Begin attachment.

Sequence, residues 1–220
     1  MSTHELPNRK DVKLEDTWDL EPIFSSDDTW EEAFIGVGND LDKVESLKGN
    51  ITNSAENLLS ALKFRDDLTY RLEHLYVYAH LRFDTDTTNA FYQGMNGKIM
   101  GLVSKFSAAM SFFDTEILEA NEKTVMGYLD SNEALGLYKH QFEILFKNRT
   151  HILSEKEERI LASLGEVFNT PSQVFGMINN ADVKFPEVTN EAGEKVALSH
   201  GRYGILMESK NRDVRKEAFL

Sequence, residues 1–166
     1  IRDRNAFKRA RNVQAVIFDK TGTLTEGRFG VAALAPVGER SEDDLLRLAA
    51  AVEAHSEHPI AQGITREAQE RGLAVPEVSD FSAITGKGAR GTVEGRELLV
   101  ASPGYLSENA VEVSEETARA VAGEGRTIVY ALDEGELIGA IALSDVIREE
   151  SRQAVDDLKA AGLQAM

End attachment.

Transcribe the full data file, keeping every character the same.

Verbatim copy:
Sequence, residues 1–220
     1  MSTHELPNRK DVKLEDTWDL EPIFSSDDTW EEAFIGVGND LDKVESLKGN
    51  ITNSAENLLS ALKFRDDLTY RLEHLYVYAH LRFDTDTTNA FYQGMNGKIM
   101  GLVSKFSAAM SFFDTEILEA NEKTVMGYLD SNEALGLYKH QFEILFKNRT
   151  HILSEKEERI LASLGEVFNT PSQVFGMINN ADVKFPEVTN EAGEKVALSH
   201  GRYGILMESK NRDVRKEAFL

Sequence, residues 1–166
     1  IRDRNAFKRA RNVQAVIFDK TGTLTEGRFG VAALAPVGER SEDDLLRLAA
    51  AVEAHSEHPI AQGITREAQE RGLAVPEVSD FSAITGKGAR GTVEGRELLV
   101  ASPGYLSENA VEVSEETARA VAGEGRTIVY ALDEGELIGA IALSDVIREE
   151  SRQAVDDLKA AGLQAM